3 Strategies to Improving Patient Safety in Healthcare

3 Strategies to Improving Patient Safety in Healthcare
Marketing Manager

Patient safety is an ongoing issue across the continuum of care. This includes workplace safety, healthcare-acquired infections, and medical errors, just to name a few examples. In fact, a study finds that medical errors are the third leading cause of death in the U.S., behind heart disease and cancer. Respondents say that the contributing factors that led to medical errors include:

  • the provider’s lack of attention to detail (69%);
  • a poorly trained provider (58%);
  • burned-out physicians (50%); and
  • lack of communication between multiple providers (47%).

Whether the safety of patients is impacted by varying communication styles or a poorly trained provider, these are all issues that can be addressed to provide a safer caring environment. Here are three things you should consider to improve patient safety at your healthcare organization.

1. Patient-Centered Care

To improve care, providers must adopt a culture that focuses on the patient and involves them more closely in clinical decisions. However, healthcare organizations are still struggling to get it right simply because they don’t have a culture centering on the patient, says Jennifer Perry, Vice President of FMG Leading in a PreCheck article. “Many providers mistakenly focused only on customer service training or service gimmicks rather than making patient-focused healthcare central to their strategy and culture.”

In order to be effective, physicians need to focus on patients more closely, rather than on electronic health records (EHR) and other desk work during office hours. An American Medical Association study found that doctors spend two hours in clerical work for every hour with patients, which doesn’t allow sufficient time to have in-depth conversations about their health and treatment options.

2. Communication and Ongoing Feedback

One critical behavior experts say will help improve quality and safety concerns in healthcare is adopting a culture of “speaking up” about medical errors. The Joint Commission estimates that as many as 80 percent of serious safety lapses are due to poor communication among healthcare professionals. “The provider community has come under significant pressure to cut those numbers with many saying hospitals and other providers must become more transparent about adverse events and take steps to report them when they happen and then find ways to prevent them,” says Ron Shinkman, Editor at FierceHealthcare.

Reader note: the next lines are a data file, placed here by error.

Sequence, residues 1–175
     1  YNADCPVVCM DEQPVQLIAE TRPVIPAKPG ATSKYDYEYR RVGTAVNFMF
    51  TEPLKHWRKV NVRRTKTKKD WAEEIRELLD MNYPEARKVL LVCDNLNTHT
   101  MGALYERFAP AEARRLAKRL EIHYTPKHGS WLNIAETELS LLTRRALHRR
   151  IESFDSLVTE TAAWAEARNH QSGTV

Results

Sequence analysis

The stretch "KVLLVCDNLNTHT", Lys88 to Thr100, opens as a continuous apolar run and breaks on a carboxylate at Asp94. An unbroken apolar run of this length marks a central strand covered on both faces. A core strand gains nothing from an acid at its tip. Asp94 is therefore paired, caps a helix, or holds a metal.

According to a study in the Journal of Patient Safety, providing ongoing feedback about reporting errors was the most likely way to get employees to report errors voluntarily, no matter what the severity. These results suggest that to increase voluntary reporting of all types of errors and patient safety events, regardless of the perceived severity, healthcare leaders should prioritize establishing feedback mechanisms that demonstrate to staff the value of information learned from the reported incidents such as how it can help improve processes to prevent the same mistake from reoccurring.

3. Teamwork Skills Training

Healthcare teams that communicate and work together efficiently can reduce their potential for errors by nearly 20 percent, according to researchers. In fact, not only does teamwork skills training improve patient outcomes, but it can also improve clinical performance by 34 percent; thus, improving talent, patient satisfaction, the organization’s bottom line, and much more. “Better teamwork has the potential to reduce medical errors while offering many other benefits to your facility,” says Jess White, Contributing Editor for HealthcareBusinessTech.com. “And as healthcare delivery becomes more focused on patient outcomes, making sure the entire care team is on the same page will be even more critical.”

What are your thoughts? Are these enough to impact patient safety and care in today’s ever-changing healthcare climate? Please share in the comments section below.

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